Blog > Do You Speak EV? The language of Electric Vehicles.

Do You Speak EV? The language of Electric Vehicles.

Have you ever been caught in conversation with an electric vehicle enthusiast? It’s probably a rare occurrence, but if you have, words like watts, amperes (Amps) and maybe even induction asynchronous motor might be involved. Like it or lump it, electric vehicles are the future, and words like these will become more commonplace. Whether you’re a gear head, car nerd or just curious about how electric vehicles work, understanding the terms and basic concepts behind EVs is something you might want to have in your back pocket. 

Below are a few terms and basic concepts about electric vehicles. Learning these will help you understand EVs better and, at the very least, give you impressive conversation content for your next social.


A volt is a unit of electric potential, electric potential difference, and electromotive force. Sounds complicated, right? The best way to describe a volt without sounding like Einstein is with a simple plumbing analogy. In this analogy, water is equivalent to power. Think of a volt as a measurement of electrical pressure found in a garden hose. For a given hose diameter, turning up the pressure moves more water. So, when you turn up the volts, you turn up the power.


Continuing the garden hose analogy, think of the ampere (aka amp) as a measurement of electrical “flow,” with a larger-diameter hose—higher amperage—flowing more water (electrical power) at any given pressure (voltage).


A watt is a measure of the expenditure of energy over time. In an internal combustion engine, we would call this horsepower. One horsepower is the equivalent of 745.7 watts. Want to impress your friend by taking this a step further? A watt is named after James Watt, a Scottish inventor, chemist and mechanical engineer who lived in the 1700s. Coincidentally, he also defined the term “horsepower.” How’s that for trivia?


1,000 watts make up a kilowatt. Watts are small, so a bunch of them need to be grouped up to have meaning in the world of vehicle-level power: One kilowatt is equal to 1.34 horsepower. When you think of it relative to a 60-watt lightbulb, you can get a real sense of how much power it takes to move a 1,700 kg vehicle. That’s a lot of watts.


Remember James Watt? Well, it turns out he developed the steam engine. Horsepower was a unit originally invented to aid in the sales and marketing of steam engines by measuring the output of the then-new machines in familiar, easy-to-understand terms. Like the watt, horsepower is a measure of energy delivery over time.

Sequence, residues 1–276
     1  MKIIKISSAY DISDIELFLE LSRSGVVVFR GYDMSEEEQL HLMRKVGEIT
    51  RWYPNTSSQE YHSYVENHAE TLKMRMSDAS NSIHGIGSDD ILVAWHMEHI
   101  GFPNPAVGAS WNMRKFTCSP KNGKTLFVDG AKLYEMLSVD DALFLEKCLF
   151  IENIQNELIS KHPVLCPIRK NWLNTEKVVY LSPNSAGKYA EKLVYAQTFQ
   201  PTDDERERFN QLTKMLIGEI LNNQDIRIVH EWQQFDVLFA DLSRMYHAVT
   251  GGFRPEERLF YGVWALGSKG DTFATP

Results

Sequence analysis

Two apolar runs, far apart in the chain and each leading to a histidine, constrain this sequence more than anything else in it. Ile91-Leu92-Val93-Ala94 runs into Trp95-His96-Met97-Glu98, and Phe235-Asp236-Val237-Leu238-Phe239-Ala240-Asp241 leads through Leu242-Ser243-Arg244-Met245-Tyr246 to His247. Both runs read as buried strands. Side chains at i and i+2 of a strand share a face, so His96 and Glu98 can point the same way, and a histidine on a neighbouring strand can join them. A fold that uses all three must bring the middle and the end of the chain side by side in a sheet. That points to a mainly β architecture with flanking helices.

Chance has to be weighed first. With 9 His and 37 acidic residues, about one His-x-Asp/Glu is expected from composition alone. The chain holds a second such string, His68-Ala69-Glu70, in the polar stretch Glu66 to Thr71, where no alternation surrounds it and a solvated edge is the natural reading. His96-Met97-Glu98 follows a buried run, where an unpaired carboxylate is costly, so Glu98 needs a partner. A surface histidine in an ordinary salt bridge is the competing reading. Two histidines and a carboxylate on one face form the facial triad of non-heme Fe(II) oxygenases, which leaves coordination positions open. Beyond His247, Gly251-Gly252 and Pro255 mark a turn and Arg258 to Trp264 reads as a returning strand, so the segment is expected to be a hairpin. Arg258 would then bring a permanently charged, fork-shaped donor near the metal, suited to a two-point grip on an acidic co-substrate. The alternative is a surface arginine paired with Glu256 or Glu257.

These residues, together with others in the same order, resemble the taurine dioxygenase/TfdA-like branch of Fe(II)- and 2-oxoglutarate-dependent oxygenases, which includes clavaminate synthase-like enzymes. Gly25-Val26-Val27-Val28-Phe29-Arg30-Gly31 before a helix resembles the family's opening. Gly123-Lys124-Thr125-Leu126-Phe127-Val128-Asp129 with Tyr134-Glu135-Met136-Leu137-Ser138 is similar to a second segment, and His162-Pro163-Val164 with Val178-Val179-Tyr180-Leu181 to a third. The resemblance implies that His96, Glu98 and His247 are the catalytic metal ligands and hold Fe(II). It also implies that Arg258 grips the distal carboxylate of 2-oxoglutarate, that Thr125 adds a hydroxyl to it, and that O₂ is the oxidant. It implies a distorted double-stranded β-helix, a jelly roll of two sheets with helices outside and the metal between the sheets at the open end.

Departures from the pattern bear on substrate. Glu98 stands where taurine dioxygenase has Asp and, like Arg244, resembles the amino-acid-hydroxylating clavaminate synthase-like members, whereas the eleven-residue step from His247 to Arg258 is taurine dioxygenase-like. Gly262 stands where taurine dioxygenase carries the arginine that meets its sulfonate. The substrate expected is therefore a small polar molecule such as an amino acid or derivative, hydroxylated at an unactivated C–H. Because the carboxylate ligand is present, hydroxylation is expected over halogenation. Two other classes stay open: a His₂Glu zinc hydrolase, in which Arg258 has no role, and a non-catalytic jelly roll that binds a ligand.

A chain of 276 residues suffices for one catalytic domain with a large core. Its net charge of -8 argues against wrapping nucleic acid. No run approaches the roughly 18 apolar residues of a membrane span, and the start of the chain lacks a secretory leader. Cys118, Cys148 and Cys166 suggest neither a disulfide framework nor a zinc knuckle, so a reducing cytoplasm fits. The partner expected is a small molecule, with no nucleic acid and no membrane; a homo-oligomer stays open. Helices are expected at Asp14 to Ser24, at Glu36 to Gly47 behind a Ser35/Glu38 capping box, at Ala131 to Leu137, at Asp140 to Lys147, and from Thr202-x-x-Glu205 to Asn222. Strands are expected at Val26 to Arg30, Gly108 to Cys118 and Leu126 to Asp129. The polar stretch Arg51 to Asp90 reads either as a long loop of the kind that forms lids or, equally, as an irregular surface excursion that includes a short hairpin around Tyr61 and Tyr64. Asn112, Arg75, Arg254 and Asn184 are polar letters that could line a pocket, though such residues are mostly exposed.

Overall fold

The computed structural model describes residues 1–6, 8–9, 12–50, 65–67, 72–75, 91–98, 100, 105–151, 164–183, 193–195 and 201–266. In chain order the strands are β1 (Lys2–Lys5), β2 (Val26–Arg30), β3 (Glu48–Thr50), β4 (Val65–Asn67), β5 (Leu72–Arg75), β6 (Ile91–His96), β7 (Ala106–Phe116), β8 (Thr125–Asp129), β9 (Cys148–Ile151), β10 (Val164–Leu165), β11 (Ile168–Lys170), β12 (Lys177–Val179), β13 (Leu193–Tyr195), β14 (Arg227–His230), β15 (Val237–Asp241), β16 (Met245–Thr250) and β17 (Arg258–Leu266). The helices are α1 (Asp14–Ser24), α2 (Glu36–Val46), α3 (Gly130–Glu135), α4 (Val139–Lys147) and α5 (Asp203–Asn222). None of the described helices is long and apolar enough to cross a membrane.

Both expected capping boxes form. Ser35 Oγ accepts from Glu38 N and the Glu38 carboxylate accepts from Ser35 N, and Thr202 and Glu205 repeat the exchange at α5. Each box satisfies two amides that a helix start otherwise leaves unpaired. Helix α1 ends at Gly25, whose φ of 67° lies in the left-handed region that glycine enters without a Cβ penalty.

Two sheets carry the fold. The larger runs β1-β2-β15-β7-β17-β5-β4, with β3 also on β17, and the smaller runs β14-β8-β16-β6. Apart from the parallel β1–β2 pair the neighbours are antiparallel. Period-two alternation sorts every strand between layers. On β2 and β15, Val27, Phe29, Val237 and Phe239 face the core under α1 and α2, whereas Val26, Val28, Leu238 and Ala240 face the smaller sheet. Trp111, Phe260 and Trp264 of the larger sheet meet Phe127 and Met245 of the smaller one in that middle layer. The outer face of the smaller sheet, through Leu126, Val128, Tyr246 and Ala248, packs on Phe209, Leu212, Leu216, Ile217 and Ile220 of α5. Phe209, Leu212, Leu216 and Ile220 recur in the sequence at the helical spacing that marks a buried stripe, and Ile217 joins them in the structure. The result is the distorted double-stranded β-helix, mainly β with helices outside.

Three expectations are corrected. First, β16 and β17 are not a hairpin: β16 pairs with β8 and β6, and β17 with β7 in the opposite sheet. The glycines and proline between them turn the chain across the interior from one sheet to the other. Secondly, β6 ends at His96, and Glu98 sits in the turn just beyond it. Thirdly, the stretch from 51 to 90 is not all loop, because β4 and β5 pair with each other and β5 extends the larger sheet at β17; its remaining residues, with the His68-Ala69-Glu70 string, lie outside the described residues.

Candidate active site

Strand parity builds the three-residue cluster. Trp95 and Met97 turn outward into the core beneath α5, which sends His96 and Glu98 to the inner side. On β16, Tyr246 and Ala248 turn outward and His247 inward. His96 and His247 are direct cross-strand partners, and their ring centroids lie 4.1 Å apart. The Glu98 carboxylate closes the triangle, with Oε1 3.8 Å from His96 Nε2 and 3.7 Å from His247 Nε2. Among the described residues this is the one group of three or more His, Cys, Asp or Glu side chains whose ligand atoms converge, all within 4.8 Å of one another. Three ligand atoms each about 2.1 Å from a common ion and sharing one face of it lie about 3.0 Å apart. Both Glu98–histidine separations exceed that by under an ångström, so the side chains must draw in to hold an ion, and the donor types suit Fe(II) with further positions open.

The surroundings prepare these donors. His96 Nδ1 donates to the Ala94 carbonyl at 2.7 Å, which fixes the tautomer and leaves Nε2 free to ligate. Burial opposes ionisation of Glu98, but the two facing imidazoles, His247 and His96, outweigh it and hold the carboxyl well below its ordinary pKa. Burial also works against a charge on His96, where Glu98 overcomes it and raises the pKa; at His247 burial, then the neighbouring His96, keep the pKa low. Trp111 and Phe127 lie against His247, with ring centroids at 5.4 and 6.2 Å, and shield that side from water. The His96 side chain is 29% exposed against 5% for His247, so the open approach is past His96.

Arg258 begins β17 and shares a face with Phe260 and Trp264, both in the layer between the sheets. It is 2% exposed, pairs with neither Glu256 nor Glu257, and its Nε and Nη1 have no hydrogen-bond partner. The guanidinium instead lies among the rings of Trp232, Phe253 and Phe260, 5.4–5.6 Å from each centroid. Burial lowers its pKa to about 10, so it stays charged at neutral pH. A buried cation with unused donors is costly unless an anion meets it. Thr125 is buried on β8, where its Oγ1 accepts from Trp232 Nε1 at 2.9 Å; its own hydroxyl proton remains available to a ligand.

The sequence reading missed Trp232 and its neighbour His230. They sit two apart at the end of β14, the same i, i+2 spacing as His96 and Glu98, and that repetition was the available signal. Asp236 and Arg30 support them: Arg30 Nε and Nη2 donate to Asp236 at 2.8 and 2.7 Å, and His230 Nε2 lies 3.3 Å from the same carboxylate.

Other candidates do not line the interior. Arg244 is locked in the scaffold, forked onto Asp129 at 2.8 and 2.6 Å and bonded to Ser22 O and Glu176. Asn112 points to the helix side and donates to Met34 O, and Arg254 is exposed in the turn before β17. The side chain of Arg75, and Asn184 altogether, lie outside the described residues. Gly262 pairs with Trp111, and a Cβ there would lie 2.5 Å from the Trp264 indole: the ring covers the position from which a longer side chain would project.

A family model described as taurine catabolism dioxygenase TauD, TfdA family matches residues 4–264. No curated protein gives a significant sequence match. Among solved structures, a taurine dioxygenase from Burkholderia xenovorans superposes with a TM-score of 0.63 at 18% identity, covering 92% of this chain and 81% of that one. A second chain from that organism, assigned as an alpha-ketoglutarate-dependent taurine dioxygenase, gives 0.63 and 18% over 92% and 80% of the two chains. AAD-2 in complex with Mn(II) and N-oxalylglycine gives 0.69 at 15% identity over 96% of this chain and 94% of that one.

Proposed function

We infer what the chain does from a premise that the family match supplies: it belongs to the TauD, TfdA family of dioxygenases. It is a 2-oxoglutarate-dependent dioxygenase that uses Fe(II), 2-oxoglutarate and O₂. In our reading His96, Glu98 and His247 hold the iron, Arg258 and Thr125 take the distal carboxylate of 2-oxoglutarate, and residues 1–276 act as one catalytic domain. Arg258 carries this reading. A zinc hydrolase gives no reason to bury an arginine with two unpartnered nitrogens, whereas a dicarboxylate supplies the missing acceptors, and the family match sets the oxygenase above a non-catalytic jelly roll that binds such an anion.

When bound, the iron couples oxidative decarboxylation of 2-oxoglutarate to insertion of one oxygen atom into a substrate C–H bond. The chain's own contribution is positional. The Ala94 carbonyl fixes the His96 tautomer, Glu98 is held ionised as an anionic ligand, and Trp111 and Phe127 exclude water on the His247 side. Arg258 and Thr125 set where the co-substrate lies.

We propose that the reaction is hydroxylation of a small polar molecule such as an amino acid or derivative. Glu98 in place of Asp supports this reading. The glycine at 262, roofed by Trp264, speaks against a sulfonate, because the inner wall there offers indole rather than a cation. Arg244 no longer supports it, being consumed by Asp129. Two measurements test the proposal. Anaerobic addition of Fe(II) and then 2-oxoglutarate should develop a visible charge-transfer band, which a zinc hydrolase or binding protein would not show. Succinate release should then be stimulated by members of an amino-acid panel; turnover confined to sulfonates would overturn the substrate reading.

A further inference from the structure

Think of torque as the force of twist. Torque is present in everyday happenings like twisting a doorknob, using a wrench, opening a bottle, or even pedalling a bike. In an electric vehicle, torque measures the force applied around an axis. Importantly, torque is independent of movement or time meaning torque can be applied at zero rpm. To make sense of that, think about turning a doorknob until it stops and then holding it there. The force you use to turn it is torque, and so is the force you’re using to hold it, even though the doorknob is no longer rotating.


A lithium-ion battery is rechargeable and uses a lithium-based cathode (positive electrode). In the charging process, negatively charged electrons are supplied to the anode (negative electrode), drawing charged lithium particles (ions) through an electrolyte from the cathode to the anode, where they are stored. When the battery discharges, the ions return to the lithium cathode, freeing the stored electrons to move, generating electricity. A separator prevents current from travelling within the battery. Most electric vehicles use a Lithium-ion battery because of how much power they can store and how quickly they charge, compared to other types of batteries.


The rotor is the rotating bit in an electric motor. Think of it kind of like the crankshaft of a combustion engine. The forces in the motor cause the rotor to spin, and that spinning is the motor’s output.


The stator is the stationary part surrounding the rotary system of an electric motor. The stator causes the rotor to spin by creating a constantly rotating magnetic field around its circumference. This rotating magnetic field interacts with the rotor’s magnetic field, causing it to spin.

Permanent-magnet synchronous motor

This is kind of like the stator’s best friend. The rotor’s magnetic field is supplied by permanent rare earth magnets, which rotate in sync with the stator’s rotating magnetic field, hence the “synchronous” part of the name.

Induction asynchronous motor

Instead of permanent magnets, induction motors use electrical current to induce a magnetic field in a cage of metal bars on the rotor. For the electromagnetic induction process to happen, there must be some slight misalignment between the areas of the stator and the metal bars on the rotor. This misalignment is known as “slip,” and it’s also what makes the motor “asynchronous.”

If you need a nap after reading this, we get it. These terms are a lot for the brain to digest. Hopefully, you feel better equipped to understand the inner workings of new and used electric vehicles and their differences from gas-powered cars. If you’re ready for the next step in your EV journey, can help get you behind the wheel of an electric vehicle that’s right for you. And since we have you all exhausted from learning, we’ll deliver it right to your door!